Moving Towards an Equitable Museum Workforce: Reaction to Salary Doc

June 6, 2019

Last week a Google Sheet was released listing salary information museum professionals have volunteered to share with the online museum community. Since workplace equity is an important topic that is discussed and implemented in the museum field, the latest news shows the museum field is serious about improving the quality of museum professionals’ work conditions. It is wonderful to learn more about what colleagues’ salary information is like in both the United States and in countries outside of the North American continent especially since we can get an idea of what salary is like in the countries before considering taking a museum position. I decided to take a closer look at the Google Sheet for both my curiosity and for this week’s blog post to share my thoughts about the document.

In the document, there are six separate spreadsheets filled with volunteered information about salary and other resources. The first tab listed the name of museum/art organization/institution, region, museum type, or number of employees at organization, role, department, city, country, starting salary, year of starting salary, current (2019) or ending salary, hourly (H) / permanent (P) / contingent/finite term employment (C), if part-time / hourly (H) / contingent/finite term employment (C), how many hours/week, benefits?, year this salary was current (if a current salary, put 2019), years of experience in field at time of current salary listed, parental leave policy at organization (and who is eligible), and an optional section for race, gender, and preferred pronouns.

Each type of museum, gallery, and organization was listed in alphabetical order. The majority of the contributions came from across the United States but there were a number of contributions that are outside of the country. For instance, there are entries from France, Switzerland, Hong Kong, India, Sweden, Canada, the United Kingdom, China, Italy, Australia, Brazil, Mexico, the Netherlands, Norway, New Zealand, Germany, Greece, Russia, Hungary, Argentina, and South Africa. At the time of this blog post, there are 801 entries in the first tab of the Google Sheet and more entries in the other tabs. The second tab is information from Form 990 and there are links to 990s from twenty-four museums. According to the second tab, the 990s of institutional salaries is available publicly online and museum professionals are invited to find our institution, copy and paste the link, and add to the sheet.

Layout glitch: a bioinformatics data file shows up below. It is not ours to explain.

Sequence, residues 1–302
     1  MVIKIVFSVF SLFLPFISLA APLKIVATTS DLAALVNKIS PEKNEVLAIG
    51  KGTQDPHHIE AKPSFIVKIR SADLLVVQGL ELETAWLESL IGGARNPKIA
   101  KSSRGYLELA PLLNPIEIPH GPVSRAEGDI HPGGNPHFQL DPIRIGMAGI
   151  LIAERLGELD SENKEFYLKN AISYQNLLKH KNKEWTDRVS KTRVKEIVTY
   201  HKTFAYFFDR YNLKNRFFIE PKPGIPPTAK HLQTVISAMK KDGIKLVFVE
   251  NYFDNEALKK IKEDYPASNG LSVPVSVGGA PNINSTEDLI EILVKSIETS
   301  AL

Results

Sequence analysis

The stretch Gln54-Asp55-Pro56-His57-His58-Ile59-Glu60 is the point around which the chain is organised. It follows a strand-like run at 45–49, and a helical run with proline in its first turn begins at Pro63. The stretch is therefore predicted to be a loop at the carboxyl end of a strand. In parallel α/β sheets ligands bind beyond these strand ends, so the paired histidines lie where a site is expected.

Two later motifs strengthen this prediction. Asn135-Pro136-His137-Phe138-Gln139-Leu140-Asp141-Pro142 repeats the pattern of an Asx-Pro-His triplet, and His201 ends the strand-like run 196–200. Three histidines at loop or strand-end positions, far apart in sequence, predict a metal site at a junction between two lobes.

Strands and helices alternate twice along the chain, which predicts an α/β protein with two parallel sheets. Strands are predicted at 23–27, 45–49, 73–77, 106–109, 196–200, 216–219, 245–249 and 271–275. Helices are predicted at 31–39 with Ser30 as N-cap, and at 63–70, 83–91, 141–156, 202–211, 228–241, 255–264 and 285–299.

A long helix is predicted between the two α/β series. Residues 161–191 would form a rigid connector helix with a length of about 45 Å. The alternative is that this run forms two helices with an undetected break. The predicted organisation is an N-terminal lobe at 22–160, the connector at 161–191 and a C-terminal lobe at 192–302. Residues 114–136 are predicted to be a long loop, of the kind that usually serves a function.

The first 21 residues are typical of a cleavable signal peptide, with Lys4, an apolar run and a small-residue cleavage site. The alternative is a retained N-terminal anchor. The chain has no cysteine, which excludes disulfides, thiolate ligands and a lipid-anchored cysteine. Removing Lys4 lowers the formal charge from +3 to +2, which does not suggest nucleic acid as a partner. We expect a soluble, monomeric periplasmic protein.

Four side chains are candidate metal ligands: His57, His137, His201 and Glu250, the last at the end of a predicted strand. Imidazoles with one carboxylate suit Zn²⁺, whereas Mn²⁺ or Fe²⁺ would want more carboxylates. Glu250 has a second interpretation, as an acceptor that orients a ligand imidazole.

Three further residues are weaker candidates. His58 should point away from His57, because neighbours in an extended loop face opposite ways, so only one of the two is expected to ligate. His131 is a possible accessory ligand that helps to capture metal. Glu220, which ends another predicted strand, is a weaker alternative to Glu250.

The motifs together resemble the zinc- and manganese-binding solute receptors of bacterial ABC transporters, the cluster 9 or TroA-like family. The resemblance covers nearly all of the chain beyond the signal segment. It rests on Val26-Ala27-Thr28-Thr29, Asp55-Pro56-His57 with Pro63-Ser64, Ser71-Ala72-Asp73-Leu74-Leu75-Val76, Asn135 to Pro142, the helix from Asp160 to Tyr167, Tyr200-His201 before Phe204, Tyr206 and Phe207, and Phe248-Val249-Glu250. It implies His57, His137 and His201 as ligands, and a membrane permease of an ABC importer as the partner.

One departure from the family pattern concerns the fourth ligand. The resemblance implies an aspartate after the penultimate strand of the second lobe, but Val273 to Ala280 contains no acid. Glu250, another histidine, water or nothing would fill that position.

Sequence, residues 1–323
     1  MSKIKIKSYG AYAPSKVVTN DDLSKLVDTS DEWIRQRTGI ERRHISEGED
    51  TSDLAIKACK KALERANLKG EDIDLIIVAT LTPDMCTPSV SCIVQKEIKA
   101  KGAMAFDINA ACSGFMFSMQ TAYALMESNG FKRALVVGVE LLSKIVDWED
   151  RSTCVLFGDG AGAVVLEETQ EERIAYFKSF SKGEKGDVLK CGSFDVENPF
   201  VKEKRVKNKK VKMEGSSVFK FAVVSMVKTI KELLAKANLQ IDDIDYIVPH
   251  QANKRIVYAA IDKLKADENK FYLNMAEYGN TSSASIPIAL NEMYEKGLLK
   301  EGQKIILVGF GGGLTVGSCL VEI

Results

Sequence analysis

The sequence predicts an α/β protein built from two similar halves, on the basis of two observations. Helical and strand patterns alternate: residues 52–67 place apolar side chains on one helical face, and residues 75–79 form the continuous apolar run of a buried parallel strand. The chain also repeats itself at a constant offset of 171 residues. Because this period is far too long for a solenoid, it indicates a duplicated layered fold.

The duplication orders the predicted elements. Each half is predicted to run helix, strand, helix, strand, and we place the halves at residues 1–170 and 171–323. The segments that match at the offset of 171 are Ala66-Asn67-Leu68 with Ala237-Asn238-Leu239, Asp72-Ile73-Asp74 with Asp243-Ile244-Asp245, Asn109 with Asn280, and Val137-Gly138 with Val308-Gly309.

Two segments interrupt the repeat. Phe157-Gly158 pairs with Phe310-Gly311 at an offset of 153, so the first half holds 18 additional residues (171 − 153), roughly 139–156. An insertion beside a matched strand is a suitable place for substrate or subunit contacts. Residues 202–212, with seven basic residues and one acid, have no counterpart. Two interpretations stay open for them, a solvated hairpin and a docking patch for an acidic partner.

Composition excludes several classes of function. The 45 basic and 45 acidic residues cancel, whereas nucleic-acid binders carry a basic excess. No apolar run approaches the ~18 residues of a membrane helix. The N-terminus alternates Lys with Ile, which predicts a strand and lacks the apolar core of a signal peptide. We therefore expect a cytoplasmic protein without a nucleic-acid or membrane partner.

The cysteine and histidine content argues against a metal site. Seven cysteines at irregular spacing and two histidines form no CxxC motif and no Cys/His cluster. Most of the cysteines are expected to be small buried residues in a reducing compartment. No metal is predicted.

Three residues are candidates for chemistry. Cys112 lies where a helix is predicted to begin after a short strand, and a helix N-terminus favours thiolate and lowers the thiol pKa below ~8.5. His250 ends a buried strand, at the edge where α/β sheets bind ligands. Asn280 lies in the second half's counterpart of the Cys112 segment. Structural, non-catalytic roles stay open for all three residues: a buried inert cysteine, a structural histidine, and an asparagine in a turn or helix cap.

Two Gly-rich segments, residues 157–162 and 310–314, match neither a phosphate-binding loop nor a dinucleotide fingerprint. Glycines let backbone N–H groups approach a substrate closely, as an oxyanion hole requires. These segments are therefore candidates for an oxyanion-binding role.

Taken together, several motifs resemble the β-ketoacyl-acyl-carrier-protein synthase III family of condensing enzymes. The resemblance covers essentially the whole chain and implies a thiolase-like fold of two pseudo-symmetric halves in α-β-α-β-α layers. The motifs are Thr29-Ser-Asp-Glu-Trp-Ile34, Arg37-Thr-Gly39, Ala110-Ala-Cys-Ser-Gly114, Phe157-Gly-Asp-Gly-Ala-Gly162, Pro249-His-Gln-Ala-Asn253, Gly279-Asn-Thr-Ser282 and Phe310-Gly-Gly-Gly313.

The third tab has a list of resources about salaries and salary studies. For instance, it listed articles, salary studies from museum associations, and a podcast. A few of the resources include the GEMM (Gender Equity in Museums) Salary Transparency Statement, a State-by-state US guide to pregnant and parenting workers’ rights (A Better Balance), Fair Museum Jobs, and a Podcast: Museopunks, Episode 35: Salary Transparency in Art Museums. Meanwhile the fourth tab has a data copy of information for sorting and the fifth tab is a copy of salaries experiential formatting. The copy of salaries experiential formatting is sorted by departments in alphabetical order then listed other information including the organizations, role, starting salary, current salary, contingent, and time period.  Then finally the last tab is a pivot by role and salary which seems to list hourly rates and general type of organizations the rates are associated with. After reading through the Google Sheet document, I am overwhelmed with so much information and very pleased with how much has been contributed to this document.

I appreciate the effort all contributors had in developing the sheet and volunteering specific information to share with the online community. Not many museum professionals are able to have access to the salary reports that are usually posted by museum associations such as the American Alliance of Museums since they are usually too expensive to purchase. By being able to learn from our colleagues, the museum field can move closer to a more equitable workforce. I feel that this document makes salary information more accessible for museum professionals. It is also great to see all of the relevant resources in one document, and we should continue to add any information that is useful for museum professionals especially for those looking for jobs in the museum field. I feel that it would be useful for me because I am curious about museum salaries in my area so I know what I am getting into when looking at museums. Museum professionals, both job seekers and current museum professionals, can benefit from this document because it gives information to help them with salary and benefits negotiations as well as having a better understanding of the salary and benefits.

If you have read the document, what are your reactions to this sheet?

Resources:

https://www.glassdoor.com/Salaries/museum-educator-salary-SRCH_KO0,15.htm

Institutional Salaries 990: https://projects.propublica.org/nonprofits

GEMM (Gender Equity in Museums) Salary Transparency Statement: https://www.genderequitymuseums.com/single-post/SalaryMatters

State-by-state US guide to pregnant and parenting workers’ rights (A Better Balance): https://babygate.abetterbalance.org

Fair Museum Jobs: https://fairmuseumjobs.wordpress.com/2018/08/04/the-journey-begins/

Podcast: Museopunks, Episode 35: Salary Transparency in Art Museums: https://www.aam-us.org/2019/05/22/museopunks-episode-35/

https://docs.google.com/spreadsheets/d/14_cn3afoas7NhKvHWaFKqQGkaZS5rvL6DFxzGqXQa6o/htmlview?usp=sharing&sle=true

https://www.artsy.net/news/artsy-editorial-online-spreadsheet-revealed-museum-workers-salaries

www.artnews.com/2019/05/31/google-spreadsheet-museum-workers-disclose-salaries/

https://news.artnet.com/market/museum-employees-salary-google-doc-1561372

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